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Writing 3 colors with 1 beam has been tried, this is called a "beam-index tube". Using position feedback information, a narrow electron beam can be made to scan over 1 phosphor stripe. Repeat 3 times for 3 colors.

https://en.wikipedia.org/wiki/Beam-index_tube

Advantages are:

  • 3 times higher efficiency due to absence of shadow mask.

  • Thinner gun (only 1 cathode), thinner neck, lower volume of magnetic field, more efficient deflection.
  • Opportunities for flat faceflate and/or shallow cone.

Disavantages are:

  • An electron beam fundamentally cannot be narrow at high current, due to electron repulsion.
  • Where to get the indexing information from ? A current sensor in the anode at 30 kV ? A light sensor, using invisible light ?
  • How to accurately steer the beam ? Magnetic deflection is relatively slow.
  • You also need to steer the beam at near-black. Are you willing to give up a deep black for a stronger feedback signal ?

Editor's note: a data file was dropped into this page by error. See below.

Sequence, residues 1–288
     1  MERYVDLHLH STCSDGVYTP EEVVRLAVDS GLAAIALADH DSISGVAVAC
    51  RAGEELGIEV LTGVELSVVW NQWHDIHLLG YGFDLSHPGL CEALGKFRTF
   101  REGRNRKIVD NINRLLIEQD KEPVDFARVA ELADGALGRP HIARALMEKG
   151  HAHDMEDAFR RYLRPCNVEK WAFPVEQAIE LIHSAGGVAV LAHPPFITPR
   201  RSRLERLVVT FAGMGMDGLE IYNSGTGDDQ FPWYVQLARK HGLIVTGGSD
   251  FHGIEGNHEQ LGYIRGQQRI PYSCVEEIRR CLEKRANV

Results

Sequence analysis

• Triple bandwidth of the video signal needed. Problematic for HDTV.

It was a failed attempt to extend the life cycle of CRTs when plasma's and LCDs were already on the horizon. A shadow mask with all its complications is simpler.

Think of this: the color filters on an LCD panel are the equivalent of a shadow mask, they also absorb 2/3 of the light. Solving this should be much easier than indexing a CRT, yet nobody seems to be doing it. The display industry is very inert. The cost of change is so high.

PS The Sony Trinitron gun has 3 cathodes in 3 guns, sharing a single large main lens. 3 in-line guns is not unique to Trinitron, but it allows a shadow mask "aperture grid" consisting only of vertical wires. For practical purposes it is just another shadow mask, with some + and -.

PPS You can also use 1 B/W display with a cyclic color filter outside of it, this gives you "field sequential color". Most DLP (by TI) beamers do this. It saves you the 2 extra imagers, and they are fast enough to handle it.